offensive operations against armed groups rather than merely protecting civilians.
The M23 rebels seized Goma on November 20, 2012 after UN peacekeepers gave up
the battle for the frontier city of one million people. M23 fighters withdrew from the
city on December 1 under a ceasefire accord.
The M23 rebels defected from the Congolese Army in April 2012 in protest over
alleged mistreatment in the Armed Forces of the Democratic Republic of Congo
(FARDC). They had previously been integrated into the Congolese army under a peace
deal signed in 2009.
Since early May 2012, nearly 3 million people have fled their homes in eastern Congo.
About 2.5 million have resettled in Congo, but more than 460,000 have crossed into
neighboring Rwanda and Uganda.
Congo has faced numerous problems over the past few decades, such as grinding
poverty, crumbling infrastructure, and a war in the east of the country that has
dragged on since 1998 and left over 5.5 million people dead.
Source: Press TV
Newscast Media WASHINGTON—According to a statement released by the UN spokesperson Eduardo del Buey, the UN Organization Stabilization Mission in DRC (MONUSCO), expressed on Monday the organization’s concerns about clashes in Congo, stressing “the mission is actively pursuing a diplomatic and political solution to contain and end the clashes.”
According to Press TV, the statement also said that heavy weapons and rocket launchers were used in the clashes.
“The Mission reports that initial skirmishes escalated to the use of heavy
caliber weapons, mortars and rocket launchers,” the statement said.
Monday morning, Congolese soldiers clashed with the March 23 Movement (M23) rebels for the first time in nearly six months since the rebels retreated from the city of Goma, the capital of North Kivu province.
Fighting began after the M23 rebels attacked government positions around 10 kilometers (6 miles) north of the mineral-rich city, according to army spokesman Olivier Hamuli.
The fighting comes after the UN began deploying an attack force to the east last week to neutralize armed groups in the area. The UN has nearly 20,000 peacekeepers in eastern Congo.
Several armed groups, including the March 23 movement (M23) rebels, are active in the eastern Democratic Republic of Congo and fighting for the control of the country’s vast mineral resources.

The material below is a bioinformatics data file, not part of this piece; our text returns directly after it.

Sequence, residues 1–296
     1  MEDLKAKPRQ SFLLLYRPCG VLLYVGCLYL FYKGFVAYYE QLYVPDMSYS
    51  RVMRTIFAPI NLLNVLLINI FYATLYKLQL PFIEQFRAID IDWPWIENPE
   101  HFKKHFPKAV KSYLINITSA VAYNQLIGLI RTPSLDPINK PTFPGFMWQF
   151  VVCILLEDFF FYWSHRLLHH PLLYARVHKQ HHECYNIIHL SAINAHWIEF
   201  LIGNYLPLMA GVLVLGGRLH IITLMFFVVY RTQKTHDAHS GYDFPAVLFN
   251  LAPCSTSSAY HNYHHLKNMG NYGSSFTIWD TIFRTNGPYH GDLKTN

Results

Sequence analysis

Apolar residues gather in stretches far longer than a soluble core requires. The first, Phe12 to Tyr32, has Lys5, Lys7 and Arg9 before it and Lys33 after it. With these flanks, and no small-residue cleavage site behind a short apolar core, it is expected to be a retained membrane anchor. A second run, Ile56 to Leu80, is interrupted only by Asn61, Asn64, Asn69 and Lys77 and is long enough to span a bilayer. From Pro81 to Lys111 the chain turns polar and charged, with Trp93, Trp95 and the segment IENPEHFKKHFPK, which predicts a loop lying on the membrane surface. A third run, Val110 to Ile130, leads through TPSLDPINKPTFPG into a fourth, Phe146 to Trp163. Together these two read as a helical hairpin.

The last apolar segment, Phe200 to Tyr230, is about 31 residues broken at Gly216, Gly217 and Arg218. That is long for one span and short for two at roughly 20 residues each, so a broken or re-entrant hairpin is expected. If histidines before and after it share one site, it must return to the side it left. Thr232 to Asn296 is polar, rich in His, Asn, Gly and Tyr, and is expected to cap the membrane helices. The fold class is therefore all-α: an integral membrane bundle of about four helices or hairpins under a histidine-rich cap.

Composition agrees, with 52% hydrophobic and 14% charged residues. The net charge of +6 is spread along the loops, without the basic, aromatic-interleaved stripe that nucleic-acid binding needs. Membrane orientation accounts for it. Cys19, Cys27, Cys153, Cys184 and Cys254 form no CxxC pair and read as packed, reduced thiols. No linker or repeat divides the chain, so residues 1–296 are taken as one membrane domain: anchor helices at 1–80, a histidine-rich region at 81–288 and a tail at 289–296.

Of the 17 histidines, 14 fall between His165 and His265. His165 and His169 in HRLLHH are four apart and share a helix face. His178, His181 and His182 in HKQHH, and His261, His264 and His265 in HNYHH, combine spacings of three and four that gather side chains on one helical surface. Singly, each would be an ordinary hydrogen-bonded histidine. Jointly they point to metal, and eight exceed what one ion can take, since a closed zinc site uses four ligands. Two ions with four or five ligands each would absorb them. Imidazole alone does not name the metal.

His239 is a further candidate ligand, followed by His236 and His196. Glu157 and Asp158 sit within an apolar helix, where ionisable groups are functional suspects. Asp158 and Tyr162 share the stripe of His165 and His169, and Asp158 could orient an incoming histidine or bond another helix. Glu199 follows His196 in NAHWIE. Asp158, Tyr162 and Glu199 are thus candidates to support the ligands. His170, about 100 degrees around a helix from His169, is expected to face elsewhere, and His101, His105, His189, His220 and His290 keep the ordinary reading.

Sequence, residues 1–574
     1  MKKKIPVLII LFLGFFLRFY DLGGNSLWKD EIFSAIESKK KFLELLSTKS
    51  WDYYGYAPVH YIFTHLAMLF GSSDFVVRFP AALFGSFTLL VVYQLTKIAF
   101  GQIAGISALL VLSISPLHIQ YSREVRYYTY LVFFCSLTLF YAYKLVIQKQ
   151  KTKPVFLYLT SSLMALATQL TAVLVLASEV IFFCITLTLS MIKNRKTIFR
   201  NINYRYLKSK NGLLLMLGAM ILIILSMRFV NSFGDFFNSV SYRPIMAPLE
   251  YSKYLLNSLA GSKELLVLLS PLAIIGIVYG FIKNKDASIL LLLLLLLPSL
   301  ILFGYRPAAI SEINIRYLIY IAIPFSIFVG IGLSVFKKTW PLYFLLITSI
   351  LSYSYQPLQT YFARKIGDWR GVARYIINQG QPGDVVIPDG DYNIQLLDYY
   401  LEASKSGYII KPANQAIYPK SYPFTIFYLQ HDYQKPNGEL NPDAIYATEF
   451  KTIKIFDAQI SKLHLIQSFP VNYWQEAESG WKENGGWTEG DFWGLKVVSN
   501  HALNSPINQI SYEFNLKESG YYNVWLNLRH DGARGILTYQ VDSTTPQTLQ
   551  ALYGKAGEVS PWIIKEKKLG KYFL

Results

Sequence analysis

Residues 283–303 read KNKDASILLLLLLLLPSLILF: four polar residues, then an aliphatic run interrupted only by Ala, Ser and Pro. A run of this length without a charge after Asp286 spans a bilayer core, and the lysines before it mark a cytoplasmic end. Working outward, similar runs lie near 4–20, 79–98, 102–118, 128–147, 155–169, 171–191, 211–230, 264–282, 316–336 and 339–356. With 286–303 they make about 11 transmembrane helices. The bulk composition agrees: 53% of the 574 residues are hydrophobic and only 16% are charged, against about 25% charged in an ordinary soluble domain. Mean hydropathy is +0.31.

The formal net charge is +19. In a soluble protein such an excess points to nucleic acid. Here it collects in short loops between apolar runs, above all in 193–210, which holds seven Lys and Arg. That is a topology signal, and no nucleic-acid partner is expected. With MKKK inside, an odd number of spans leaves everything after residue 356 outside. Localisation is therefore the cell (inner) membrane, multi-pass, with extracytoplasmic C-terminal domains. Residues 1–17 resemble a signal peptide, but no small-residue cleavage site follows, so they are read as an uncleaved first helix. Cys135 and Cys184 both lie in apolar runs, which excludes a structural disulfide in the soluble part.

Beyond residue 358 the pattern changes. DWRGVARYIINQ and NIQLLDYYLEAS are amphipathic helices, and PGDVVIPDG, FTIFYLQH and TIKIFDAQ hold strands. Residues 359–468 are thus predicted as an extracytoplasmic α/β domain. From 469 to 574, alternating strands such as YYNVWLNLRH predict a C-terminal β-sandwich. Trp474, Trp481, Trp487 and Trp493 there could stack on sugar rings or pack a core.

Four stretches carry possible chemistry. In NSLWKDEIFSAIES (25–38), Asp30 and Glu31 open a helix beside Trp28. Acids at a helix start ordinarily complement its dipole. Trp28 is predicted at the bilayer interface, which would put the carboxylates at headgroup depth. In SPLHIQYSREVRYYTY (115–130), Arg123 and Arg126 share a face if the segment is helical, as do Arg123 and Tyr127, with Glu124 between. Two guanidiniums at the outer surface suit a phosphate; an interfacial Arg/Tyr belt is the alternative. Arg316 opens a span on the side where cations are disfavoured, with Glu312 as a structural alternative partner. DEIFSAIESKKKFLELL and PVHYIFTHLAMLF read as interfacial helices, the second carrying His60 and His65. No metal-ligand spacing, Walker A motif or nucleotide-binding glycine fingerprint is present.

The M23 rebels defected from the Congolese army in April 2012 in protest over alleged mistreatment in the Armed Forces of the Democratic Republic of Congo (FARDC). They had previously been integrated into the Congolese army under a peace deal signed in 2009.
Since early May 2012, nearly 3 million people have fled their homes in the eastern Congo. About 2.5 million have resettled in Congo, but more than 460,000 have crossed into neighboring Rwanda and Uganda.
Congo has faced numerous problems over the past few decades, such as grinding poverty, crumbling infrastructure, and a war in the east of the country that has dragged on since 1998 and left over 5.5 million people dead.
Source: Press TV
Newscast Media KINSHASA—The Security Council has approved the first “offensive” UN force to battle rebels in Democratic Republic of Congo, according to Deutsche Welle. The resolution gave the 2,500-troop force orders to “neutralize” and “disarm” armed groups like M23, in the east of the country. The brigade and surveillance drones to monitor the Democratic Republic of Congo’s borders will be operating by July, UN
The force will act “in a robust, highly mobile and versatile manner and in strict compliance with international law,” according to the resolution, to “prevent the expansion of all armed groups, neutralize these groups, and to disarm them.”
The brigade will comprise three infantry battalions, one artillery and one special forces and a reconnaissance company with headquarters in Goma, the North Kivu provincial capital. The UN campaign aims to end conflict in Democratic Republic of Congo’s border regions with Rwanda and Uganda.
According to Reuters, South Africa, Tanzania and Malawi are the most likely candidates to supply the troops for the intervention unit. Mozambique had also been tipped to be part of the new unit but it will likely not be part of the new brigade.
The resolution also states that the intervention brigade will be made up of three infantry battalions, one artillery and one special force and reconnaissance company headquartered in Goma under the direct command of the U.N. Stabilization Mission in the Democratic Republic of Congo, known as MONUSCO.